A biomedical engineering student in the FAMU-FSU College of Engineering has received a new predoctoral fellowship from the National Institutes of Health (NIH) to conduct research at the National High Magnetic Field Laboratory.
Shannon Helsper was awarded the Ruth L. Kirschstein Predoctoral National Research Service Award. She’ll receive $112,288 over the course of three years to cover tuition and fees and other costs associated with her research, which investigates the healing effects of stem cell therapies in stroke victims.
“An ischemic stroke occurs when blood flow is cut off to a certain area of the brain,” Helsper said. “This causes a multitude of biological processes in that region, and using magnetic resonance imaging and spectroscopy (MRI/S), we can capture what some of those processes look like.”
Cell therapies, particularly those employing human mesenchymal stem cells (hMSC), are the focus of numerous clinical trials that seek to capitalize on the potential therapeutic effects of specific cell treatments that play a role in regulating the peripheral and central nervous systems.
Helsper’s research aims to determine if the presence of hMSC in a region where blood flow has been reduced is essential to healing. Helsper also wants to know if the delivery of extracellular vesicles secreted from hMSC, specifically those known as exosomes which play a role in the regulation of cellular and physiological processes, alone could improve the outcome.
“Essentially, what I’m interested in is looking at hMSC and how they can be used in therapy,” Helsper said. “Other studies have already shown that they can be very beneficial, but I’m interested in both the cells and their secretions, particularly exosomes. I’m comparing the effective tissue recovery stemming from exosomes alone and the cells themselves using MR imaging and spectroscopy.”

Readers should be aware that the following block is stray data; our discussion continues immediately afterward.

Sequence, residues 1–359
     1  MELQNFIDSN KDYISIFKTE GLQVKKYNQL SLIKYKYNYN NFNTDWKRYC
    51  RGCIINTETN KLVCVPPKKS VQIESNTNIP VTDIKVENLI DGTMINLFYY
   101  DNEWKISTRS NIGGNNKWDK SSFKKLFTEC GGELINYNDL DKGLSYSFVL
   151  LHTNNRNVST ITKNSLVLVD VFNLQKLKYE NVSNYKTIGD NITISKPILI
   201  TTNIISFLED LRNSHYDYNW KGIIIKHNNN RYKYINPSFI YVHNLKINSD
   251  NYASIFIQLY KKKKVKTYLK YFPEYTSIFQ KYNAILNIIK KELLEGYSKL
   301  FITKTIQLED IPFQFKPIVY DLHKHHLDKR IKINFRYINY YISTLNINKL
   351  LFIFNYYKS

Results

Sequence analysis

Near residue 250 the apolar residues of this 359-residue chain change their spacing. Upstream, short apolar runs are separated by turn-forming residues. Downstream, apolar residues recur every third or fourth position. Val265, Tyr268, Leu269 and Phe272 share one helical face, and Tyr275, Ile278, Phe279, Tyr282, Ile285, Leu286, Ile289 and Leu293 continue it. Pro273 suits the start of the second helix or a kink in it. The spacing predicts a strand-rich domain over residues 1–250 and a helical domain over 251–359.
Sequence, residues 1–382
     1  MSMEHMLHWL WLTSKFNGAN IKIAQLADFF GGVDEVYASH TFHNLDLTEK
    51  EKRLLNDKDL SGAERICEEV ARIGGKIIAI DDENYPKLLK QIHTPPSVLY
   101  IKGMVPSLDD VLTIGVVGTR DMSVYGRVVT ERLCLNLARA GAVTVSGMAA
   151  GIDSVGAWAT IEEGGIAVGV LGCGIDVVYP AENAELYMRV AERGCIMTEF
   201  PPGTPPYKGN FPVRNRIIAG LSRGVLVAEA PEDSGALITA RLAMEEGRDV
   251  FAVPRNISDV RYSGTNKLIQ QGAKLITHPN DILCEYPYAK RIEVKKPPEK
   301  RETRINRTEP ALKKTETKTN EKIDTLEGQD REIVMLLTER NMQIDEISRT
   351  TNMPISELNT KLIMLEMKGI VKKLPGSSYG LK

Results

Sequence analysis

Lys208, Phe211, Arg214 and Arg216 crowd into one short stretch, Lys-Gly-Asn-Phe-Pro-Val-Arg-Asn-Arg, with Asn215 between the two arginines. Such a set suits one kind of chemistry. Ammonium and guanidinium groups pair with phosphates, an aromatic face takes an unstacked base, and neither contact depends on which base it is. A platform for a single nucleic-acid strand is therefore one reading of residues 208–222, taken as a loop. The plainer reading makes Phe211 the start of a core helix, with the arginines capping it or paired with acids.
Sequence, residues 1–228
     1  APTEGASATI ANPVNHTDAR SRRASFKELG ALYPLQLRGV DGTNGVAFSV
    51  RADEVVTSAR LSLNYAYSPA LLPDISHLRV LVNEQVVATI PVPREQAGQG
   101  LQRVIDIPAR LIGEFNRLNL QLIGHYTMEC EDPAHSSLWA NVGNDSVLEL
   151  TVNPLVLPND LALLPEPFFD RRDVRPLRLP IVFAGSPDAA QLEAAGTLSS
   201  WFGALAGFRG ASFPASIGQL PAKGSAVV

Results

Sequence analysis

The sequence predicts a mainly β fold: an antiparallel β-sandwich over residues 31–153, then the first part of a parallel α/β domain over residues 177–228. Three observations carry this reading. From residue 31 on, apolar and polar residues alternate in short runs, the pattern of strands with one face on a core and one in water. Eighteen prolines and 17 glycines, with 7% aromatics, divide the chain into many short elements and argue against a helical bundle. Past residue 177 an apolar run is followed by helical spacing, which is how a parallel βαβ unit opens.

To assess these questions, Helsper examines several hMSC derived therapies. Once the stroke is induced, Helsper injects the therapy and tracks the progression of tissue recovery over multiple days using the 21.1 T magnet at the NHMFL.
“There’s a huge sodium influx that occurs as a result of ischemic stroke followed by a return to healthy levels after an effective treatment, all of which is measurable with MRI. We can also look at the evolution of brain metabolite concentrations using MRS. This is an interesting method because you can inject these therapies into a model of ischemic stroke and then measure sodium and metabolite levels over an extended time period. MRI/S represents a huge advantage in this respect,” Helsper said.
Helsper is no stranger to the National High Magnetic Field Laboratory. After graduating from Auburn University with a degree in cellular and molecular biology, she moved to Tallahassee in 2016 with the intention of starting a graduate program in engineering. In the meantime, she worked at the NHMFL as an MRI Animal Technician, where she optimized skills applicable to her current research.
“It’s fantastic to have these facilities here and for graduate students to also have access to them,” Helsper said. “We get to use equipment that no one else in the world is using unless they come specifically to the MagLab, which is exciting. That experience has been great for graduate school because I learned a lot that is completely applicable to my research now.”
As a student who has used her undergraduate degree in biology to influence a career in biomedical engineering, Helsper praises the multidisciplinary work that FSU promotes.
“I came from a biology background and incorporated it into engineering, so I’m a huge advocate for interdisciplinary work, particularly in translational research,” Helsper said. “I think both the FAMU-FSU College of Engineering and the NHMFL really highlight that necessity, because both facilities do a great job of creating interdisciplinary work.”
For more information about the FAMU-FSU College of Engineering, visit eng.famu.fsu.edu. To learn more about the National High Magnetic Field Laboratory, visit nationalmaglab.org. For more information about the NIH Predoctoral Fellowship or similar awards, visit the Office of Graduate Fellowships & Awards, ogfa.fsu.edu.